I’m Cherie Miller, MS, LPC, founder of Food Freedom Therapy™. I offer counseling for chronic dieting as well eating disorder therapy for Anorexia, Bulimia, Binge Eating Disorder, Orthorexia, OSFED, ARFID, and other eating disorder issues. Contact me here or follow me on Instagram or Facebook.

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#ScrewYourBeautyStandards

We are not born disliking our bodies. We are innocent in our self-acceptance until we learn there is a “right” way to look. After that, we evaluate ourselves against whatever ideal we are taught because it is our nature to compare. If we are fortunate, we will grow up in a family that values inner qualities over appearance. Sometimes that can protect us from internalizing the broader culture’s narrow beauty ideal. But it’s difficult to stay immune to all the messages from everywhere else… the teasing from kids at school… the magazine covers with Photoshopped images… the TV commercials pushing their weight-loss products…

And some are not fortunate enough to grow up in families where beauty is recognized in a diversity of shapes, sizes and colors. For too many, the pain starts at home and family opens the first wounds, which are only deepened by peers and the media.

Seemingly from all corners, the message is clear: We aren’t good enough. Not T-H-I-N enough.

Because thin = good and we so reason, therefore, fat must = bad, right? Some will even directly say that it is.

I used to buy into all of it, like so many do. I hated my body long before I developed an eating disorder, and it laid the foundation for me to go down that path. I was so desperate to lose weight, to be accepted, to feel okay for once. I was so mad at myself for not being thin like my friends and the pretty girls I saw in the media.

Thankfully, now I’m recovered—from both my eating disorder and my body hatred. But I’m still angry. I’m angry that we live in a culture that works so dang hard to make us feel bad about ourselves. You can’t go a day without seeing advertisements for products related to weight loss, makeup, hair dye, eye creams, tummy-control pants, and on and on and on. If you don’t feel pretty, thin, or young enough, then they promise to change that if you’re willing to spend enough time and money.

And I mean lots of money. Beauty is a $532 billion industry and is expected to just keep growing. The problem is that every commercial you see isn’t simply trying to sell you something; first, it tries to convince you that you need what they’re selling. It plays on, sometimes even creates, insecurities. The subtle goal is for you to feel bad about yourself so that you’ll then want to buy something that will (supposedly) make you feel more confident.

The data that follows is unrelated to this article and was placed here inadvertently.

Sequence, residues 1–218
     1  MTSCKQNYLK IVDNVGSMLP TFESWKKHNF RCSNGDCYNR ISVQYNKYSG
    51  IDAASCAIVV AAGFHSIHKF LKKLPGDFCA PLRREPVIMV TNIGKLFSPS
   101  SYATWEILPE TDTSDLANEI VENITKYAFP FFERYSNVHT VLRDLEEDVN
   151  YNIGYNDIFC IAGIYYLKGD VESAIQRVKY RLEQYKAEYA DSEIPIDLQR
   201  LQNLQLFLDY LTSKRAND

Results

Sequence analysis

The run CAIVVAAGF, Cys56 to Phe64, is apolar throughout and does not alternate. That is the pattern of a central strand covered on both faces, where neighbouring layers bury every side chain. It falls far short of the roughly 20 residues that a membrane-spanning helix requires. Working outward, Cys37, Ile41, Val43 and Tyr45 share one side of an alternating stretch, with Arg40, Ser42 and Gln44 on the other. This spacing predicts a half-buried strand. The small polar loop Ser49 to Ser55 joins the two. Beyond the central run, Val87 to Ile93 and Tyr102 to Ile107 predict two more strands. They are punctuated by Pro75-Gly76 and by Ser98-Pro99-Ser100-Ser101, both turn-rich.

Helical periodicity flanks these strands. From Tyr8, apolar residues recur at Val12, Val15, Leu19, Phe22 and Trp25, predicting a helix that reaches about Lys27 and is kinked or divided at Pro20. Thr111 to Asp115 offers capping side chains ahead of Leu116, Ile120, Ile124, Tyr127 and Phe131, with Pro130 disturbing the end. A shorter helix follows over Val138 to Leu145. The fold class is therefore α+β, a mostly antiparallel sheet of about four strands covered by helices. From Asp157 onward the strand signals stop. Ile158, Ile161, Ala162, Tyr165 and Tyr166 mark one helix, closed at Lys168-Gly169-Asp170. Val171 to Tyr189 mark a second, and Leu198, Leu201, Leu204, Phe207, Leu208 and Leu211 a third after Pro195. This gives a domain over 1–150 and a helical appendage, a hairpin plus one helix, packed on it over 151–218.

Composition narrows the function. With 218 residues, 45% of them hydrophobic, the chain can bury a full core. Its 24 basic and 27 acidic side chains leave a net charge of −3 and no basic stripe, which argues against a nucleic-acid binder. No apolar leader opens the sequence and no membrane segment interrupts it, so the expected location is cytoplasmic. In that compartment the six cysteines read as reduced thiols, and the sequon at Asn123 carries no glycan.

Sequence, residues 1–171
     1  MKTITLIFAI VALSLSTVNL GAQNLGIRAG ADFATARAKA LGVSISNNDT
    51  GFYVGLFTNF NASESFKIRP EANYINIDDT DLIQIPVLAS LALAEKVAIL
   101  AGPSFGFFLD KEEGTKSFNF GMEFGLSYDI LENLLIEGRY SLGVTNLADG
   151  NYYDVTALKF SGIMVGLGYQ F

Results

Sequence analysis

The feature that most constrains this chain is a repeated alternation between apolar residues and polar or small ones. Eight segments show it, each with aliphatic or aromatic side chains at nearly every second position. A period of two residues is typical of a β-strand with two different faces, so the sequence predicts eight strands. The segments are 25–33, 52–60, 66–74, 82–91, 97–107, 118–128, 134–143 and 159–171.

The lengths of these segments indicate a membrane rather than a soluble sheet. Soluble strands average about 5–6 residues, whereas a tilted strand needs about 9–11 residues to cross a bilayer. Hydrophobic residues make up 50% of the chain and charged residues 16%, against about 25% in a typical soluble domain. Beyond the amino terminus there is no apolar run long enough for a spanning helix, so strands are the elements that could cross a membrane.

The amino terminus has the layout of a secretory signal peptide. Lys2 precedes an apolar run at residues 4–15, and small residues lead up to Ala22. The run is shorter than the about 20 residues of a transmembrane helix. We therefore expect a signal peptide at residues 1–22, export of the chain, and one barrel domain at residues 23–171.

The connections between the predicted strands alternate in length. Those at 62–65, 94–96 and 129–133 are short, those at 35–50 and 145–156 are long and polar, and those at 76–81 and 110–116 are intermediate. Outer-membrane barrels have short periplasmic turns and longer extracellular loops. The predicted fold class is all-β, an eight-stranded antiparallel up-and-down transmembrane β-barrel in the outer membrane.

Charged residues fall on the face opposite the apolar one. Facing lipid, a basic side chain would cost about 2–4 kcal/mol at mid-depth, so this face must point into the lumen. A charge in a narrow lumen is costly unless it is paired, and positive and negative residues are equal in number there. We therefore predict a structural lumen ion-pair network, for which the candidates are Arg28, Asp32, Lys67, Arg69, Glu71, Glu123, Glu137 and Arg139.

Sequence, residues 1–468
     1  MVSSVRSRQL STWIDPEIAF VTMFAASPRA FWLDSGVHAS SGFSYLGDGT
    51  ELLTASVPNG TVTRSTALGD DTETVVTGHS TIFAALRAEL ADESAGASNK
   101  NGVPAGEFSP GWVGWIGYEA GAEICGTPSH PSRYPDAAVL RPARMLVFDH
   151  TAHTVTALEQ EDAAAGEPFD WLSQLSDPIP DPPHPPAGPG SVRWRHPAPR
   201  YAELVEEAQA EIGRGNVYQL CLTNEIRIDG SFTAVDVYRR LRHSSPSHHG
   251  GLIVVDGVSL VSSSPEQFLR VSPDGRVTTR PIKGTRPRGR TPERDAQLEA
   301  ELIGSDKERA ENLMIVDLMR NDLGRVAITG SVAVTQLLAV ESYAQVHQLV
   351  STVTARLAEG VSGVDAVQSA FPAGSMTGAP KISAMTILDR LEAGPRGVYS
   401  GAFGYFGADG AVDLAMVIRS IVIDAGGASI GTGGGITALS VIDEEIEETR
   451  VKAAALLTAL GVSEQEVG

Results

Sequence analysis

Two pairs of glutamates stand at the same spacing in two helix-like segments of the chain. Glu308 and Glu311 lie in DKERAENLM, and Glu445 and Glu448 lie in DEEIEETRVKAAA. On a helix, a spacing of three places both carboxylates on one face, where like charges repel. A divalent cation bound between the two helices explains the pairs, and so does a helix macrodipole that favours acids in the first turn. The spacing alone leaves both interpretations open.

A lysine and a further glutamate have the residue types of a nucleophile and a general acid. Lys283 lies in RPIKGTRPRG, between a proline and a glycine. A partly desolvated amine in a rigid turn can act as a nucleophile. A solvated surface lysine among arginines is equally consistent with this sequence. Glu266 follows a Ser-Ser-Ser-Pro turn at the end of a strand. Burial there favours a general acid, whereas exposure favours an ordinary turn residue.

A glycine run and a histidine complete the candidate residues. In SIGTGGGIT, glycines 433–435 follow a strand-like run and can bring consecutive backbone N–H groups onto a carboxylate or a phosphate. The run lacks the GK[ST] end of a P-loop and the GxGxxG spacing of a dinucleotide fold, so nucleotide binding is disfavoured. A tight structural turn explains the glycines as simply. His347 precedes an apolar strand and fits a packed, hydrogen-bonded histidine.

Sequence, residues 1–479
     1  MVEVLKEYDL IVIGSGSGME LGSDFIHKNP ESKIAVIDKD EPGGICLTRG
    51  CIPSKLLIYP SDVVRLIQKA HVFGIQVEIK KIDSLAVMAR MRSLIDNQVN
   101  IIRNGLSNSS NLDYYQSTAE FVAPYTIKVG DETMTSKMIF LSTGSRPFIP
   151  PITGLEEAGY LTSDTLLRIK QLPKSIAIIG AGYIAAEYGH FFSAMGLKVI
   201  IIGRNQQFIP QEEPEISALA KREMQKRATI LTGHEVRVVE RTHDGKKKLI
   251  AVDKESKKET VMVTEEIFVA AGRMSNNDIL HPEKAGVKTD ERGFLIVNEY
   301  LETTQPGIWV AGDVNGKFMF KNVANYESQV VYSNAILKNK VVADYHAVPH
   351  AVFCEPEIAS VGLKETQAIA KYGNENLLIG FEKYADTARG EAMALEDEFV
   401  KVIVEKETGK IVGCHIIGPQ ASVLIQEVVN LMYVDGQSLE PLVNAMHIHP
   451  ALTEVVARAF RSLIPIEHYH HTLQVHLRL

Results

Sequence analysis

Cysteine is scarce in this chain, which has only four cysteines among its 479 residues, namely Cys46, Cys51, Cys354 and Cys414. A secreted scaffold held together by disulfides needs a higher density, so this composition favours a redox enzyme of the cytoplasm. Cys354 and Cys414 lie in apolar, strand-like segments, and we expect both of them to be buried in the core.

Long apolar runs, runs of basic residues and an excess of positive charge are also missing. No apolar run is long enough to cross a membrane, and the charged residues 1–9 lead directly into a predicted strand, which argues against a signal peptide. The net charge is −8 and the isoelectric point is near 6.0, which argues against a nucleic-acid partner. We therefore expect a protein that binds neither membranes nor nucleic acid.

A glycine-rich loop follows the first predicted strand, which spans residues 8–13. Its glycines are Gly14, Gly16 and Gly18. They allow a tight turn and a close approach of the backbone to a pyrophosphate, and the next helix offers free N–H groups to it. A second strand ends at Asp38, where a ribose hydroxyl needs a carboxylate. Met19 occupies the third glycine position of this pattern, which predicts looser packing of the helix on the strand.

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While common sense likely tells us that we’re influenced by the media, it never hurts to have some research to back that up—which of course, it does. Indeed, research shows that media influence can lead children and adolescents to internalize ideals imposed by society, which also increases the probability that they will suffer from issues like body dysmorphia and eating disorders. Studies suggest this can start as young as six years old, if not even earlier. We’re talking Kindergarteners, maybe younger!

That makes me angry for every little girl that is harmed by these messages poured into her about her value and what she is supposed to be. I hope that like I have, you’ll learn to turn that anger and disgust that you direct at yourself for not being what you “should” be, and you’ll start getting angry at the diet and beauty cultures instead. Not because makeup is evil or dyeing your hair is inherently bad, but because being sold the idea that you can’t feel good about yourself without those things is wrong. Being told we have to be a certain BMI to be attractive and worthwhile is beyond shallow—it’s destructive and sick, and I will never stop fighting for a better world for my son and daughter.

If you’d like to talk about how to get break free from these destructive cultural messages and finally accept yourself as you are, please contact me about a teletherapy appointment or follow me on Instagram or Facebook.

Much love,
Cherie signature

Sources
http://citeseerx.ist.psu.edu/viewdoc/download?doi=10.1.1.572.7007&rep=rep1&type=pdf
https://www.ncbi.nlm.nih.gov/pmc/articles/PMC6540021/